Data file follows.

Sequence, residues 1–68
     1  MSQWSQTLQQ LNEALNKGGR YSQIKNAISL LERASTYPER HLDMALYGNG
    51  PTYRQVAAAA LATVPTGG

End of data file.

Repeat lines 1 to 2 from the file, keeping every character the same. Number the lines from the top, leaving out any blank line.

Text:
Sequence, residues 1–68
     1  MSQWSQTLQQ LNEALNKGGR YSQIKNAISL LERASTYPER HLDMALYGNG